So I’ll just share with you that this is the leadership that’s helping to change our private sector, and today, greenhouse gas emissions are being restrained by market-based forces that are starting to take hold all around the world. Most businesspeople understand investing in clean energy makes good economic sense. And as we rebuild our infrastructure on a global basis, that’s where a lot of jobs are going to come. Every billion dollars that you invest in infrastructure, whether it’s a water project or a new hospital or school or it’s a transportation project, an airport, moving people more efficiently – every billion dollars, at least in America, is the equivalent of between 27,000 and 35,000 jobs. It’s pretty close to that in Europe as well.

So I’ll just say with everybody all of this isn’t taking place because of what one country’s government is doing, no. It’s what happens when people have faith in their own skills and values and when they respect the rights and dignity of other people and when they invest in the future and when the marketplace begins to create demand which moves in a certain direction. I’m not an expert on the ancient classics, but I learned enough about them as a student in college and high school and I remember that one of the great themes of Greek plays was that men and women for the first time were beginning to view themselves not as the property of the human master, but as individuals with rights and responsibilities. And when they worked or fought or tramped or built, they did so not because they had no other choice, but because they believed in the communities, the city states, the nations that they were building. They prized their own dignity and they had regard for one another. According to Euripides, the right of a man to say what he pleased was fundamental in Athens, and in Rome, there was no prouder word than “citizen.”

We are here at the Mediterranean Dialogues not as spectators, but everybody in this room is a real-life participant in a troubled world. We know we have choices to make as citizens and as countries that can spell the difference between security and suffering, progress and stagnation in an era of rapid and breathtaking transition. International challenges simply cannot be wished away and they can’t be ignored. And we cannot afford – not in my country, talking about just our country first or the other country first, or if every country adopted “our country first”, then you’ll have China first, Russia first, everybody else first; what happened to the common sense of our humanity and our mutuality?

We have to come to the aid of countries that are on the frontlines or next in line as targets for terrorist infiltration, because it will affect all of us. There is no “over there” anymore. It’s everywhere. We’re all interconnected. We have to improve governance, fight corruption, promote accountability, respect human rights. We need to teach skills and create jobs that will make extremist appeals fall on deaf ears. And we have to innovate and build it for an entire generation and the next dependent on it, because – as if they depend on it, and the truth is they do.

So there’s a lot of work to be done. I’m not going to tell you that – in the last four years or eight years of President Obama we’ve obviously not solved every problem, but I’ll tell you this: We’ve been honest about defining them and we’ve been clear about our determination to try to begin to address them and to lay the groundwork of leadership so that worldwide today as a consequence of that, my friends, we are on the cusp of the first generation of children in Africa who will be born free from AIDS. We are today at the point where if you’re a woman giving birth in a poor country today, you’re more likely to be able to live than not live than any time in our history. If you’re a young child born somewhere in the world today, you will be more likely to go to school than have food even though we know there are too many who still won’t.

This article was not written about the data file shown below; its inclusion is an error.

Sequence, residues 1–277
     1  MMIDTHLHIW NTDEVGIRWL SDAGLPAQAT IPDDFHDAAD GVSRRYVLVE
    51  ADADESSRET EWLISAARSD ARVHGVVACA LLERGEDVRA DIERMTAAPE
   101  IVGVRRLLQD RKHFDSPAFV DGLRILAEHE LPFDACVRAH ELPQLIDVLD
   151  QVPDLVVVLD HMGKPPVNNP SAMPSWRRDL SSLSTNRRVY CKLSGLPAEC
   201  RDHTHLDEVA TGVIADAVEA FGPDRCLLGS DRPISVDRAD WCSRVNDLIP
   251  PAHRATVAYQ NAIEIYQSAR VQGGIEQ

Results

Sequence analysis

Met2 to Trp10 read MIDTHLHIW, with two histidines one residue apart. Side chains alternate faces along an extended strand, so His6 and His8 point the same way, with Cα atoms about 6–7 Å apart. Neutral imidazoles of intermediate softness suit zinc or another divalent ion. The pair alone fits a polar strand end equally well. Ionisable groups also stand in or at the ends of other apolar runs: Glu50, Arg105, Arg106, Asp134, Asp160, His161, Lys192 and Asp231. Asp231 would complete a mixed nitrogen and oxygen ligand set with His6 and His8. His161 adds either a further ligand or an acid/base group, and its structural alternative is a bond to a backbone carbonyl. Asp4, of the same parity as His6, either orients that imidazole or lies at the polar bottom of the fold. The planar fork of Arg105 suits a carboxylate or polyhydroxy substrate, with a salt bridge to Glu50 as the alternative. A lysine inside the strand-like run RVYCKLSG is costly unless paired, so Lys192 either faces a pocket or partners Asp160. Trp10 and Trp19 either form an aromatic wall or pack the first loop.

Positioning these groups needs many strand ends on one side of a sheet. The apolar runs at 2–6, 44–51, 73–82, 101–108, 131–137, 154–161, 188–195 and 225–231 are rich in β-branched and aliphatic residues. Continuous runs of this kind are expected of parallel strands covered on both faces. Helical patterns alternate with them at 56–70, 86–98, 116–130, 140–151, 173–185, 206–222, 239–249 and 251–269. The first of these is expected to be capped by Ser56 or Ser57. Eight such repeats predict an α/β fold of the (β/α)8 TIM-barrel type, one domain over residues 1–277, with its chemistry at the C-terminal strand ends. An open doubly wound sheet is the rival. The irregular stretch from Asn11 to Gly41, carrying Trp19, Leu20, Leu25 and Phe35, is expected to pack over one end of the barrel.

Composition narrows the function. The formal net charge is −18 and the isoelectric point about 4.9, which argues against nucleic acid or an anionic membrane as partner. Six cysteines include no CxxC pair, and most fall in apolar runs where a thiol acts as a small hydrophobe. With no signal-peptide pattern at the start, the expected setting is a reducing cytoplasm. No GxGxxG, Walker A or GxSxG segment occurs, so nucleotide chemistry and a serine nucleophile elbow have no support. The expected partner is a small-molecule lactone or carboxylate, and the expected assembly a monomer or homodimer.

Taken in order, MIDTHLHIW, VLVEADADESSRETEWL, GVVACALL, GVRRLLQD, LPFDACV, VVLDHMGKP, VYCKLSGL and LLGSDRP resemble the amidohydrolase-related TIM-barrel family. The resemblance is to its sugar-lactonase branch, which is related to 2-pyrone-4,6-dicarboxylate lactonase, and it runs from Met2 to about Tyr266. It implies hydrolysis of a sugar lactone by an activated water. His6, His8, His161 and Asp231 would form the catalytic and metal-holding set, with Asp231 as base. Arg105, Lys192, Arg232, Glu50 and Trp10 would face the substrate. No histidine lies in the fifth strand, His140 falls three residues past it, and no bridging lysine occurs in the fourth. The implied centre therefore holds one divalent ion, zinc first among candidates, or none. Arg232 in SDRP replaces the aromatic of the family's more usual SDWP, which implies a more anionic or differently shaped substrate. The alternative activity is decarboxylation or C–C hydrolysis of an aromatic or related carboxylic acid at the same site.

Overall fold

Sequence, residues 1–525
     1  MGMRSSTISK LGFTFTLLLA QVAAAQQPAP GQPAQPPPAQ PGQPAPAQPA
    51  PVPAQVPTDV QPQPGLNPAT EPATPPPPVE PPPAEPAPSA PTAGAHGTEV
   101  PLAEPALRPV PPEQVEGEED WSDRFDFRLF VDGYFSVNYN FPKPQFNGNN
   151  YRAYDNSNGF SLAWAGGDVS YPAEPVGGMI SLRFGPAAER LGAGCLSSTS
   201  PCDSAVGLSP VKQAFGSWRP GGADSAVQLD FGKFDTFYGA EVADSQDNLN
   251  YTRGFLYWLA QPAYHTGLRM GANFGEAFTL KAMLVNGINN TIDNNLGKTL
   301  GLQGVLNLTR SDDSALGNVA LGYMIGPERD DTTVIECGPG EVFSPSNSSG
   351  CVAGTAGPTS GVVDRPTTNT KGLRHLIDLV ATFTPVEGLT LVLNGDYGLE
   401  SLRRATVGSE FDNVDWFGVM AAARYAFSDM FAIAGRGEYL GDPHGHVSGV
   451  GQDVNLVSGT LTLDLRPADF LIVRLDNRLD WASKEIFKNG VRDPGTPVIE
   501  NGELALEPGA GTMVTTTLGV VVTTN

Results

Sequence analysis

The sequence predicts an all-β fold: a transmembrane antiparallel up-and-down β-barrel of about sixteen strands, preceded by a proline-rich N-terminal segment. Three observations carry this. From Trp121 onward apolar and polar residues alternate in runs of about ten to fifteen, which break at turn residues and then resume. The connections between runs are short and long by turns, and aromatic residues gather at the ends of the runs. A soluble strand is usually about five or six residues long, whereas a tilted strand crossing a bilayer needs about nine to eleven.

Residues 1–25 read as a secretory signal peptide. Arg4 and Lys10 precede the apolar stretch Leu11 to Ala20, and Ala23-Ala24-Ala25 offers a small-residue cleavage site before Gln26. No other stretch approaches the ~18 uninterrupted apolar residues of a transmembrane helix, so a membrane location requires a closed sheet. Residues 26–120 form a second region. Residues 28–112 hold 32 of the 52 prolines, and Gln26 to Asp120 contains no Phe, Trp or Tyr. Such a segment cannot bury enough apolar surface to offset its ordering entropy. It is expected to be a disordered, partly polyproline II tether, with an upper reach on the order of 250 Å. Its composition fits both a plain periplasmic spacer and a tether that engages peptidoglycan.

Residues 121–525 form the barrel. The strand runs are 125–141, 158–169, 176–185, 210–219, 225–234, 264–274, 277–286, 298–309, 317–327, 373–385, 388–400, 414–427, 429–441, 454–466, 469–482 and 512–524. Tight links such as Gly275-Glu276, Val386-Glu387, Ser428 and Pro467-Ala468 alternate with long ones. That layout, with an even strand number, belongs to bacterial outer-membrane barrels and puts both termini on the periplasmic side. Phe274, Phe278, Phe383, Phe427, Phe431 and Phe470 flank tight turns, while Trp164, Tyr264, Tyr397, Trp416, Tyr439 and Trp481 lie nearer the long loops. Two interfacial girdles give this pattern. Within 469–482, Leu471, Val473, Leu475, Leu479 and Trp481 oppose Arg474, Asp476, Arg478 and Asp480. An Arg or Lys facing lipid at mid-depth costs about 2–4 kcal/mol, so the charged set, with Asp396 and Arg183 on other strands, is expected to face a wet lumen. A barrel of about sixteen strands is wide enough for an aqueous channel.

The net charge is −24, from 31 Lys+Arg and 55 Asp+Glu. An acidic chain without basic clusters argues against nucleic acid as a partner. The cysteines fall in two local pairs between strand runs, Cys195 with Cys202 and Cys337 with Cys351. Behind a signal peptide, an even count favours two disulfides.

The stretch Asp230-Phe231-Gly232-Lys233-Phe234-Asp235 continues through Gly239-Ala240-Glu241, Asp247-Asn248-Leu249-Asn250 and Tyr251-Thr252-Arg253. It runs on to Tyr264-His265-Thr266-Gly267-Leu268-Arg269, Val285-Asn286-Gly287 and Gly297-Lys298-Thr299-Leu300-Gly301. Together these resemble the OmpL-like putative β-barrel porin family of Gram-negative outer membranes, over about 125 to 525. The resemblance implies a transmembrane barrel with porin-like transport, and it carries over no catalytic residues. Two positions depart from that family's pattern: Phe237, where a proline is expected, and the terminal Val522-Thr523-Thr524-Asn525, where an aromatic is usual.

We’ve changed those odds and we’re changing them every day compared to just 20 years ago. We’ve cut in half the number of women who die in childbirth and the number of infants who perished because of malnutrition. And for the first time in human history, severe poverty is below 10 percent on an international basis. We have defied predictions to save hundreds of thousands of lives. Remember when they predicted last year a million people were going to die from Ebola by Christmas of two years ago? And we sent 3,000 troops to West Africa and we worked with the British and the French and built capacity, and it was a mere fraction of that that actually passed away and we saved hundreds of thousands of lives. We joined forces with the global health community. We have every reason, I believe, to move forward with confidence, my friends.

So this is my final appearance as Secretary of State before this particular group of friends and I want to leave you with three very quick thoughts. First, I will always be grateful for the incredible opportunity and privilege I have had to represent my country in many places around the globe. It’s an unbelievable privilege.

Secondly, I am thankful to so many of you – Paolo, others – for your advice, your friendship, your contributions, your hard work in support of the goals that we share together.

And finally, I want to emphasize that nothing will speak to the current unease more than our working together to get the things done that we know have to be done. And I promise you that for as long as I am able, as citizen Kerry, I will continue to dedicate my energies to address the concerns from climate change to oceans to development to conflict resolution and to peace. (Speaks Italian.) Thank you. (Applause.)

Source: U.S Department of State.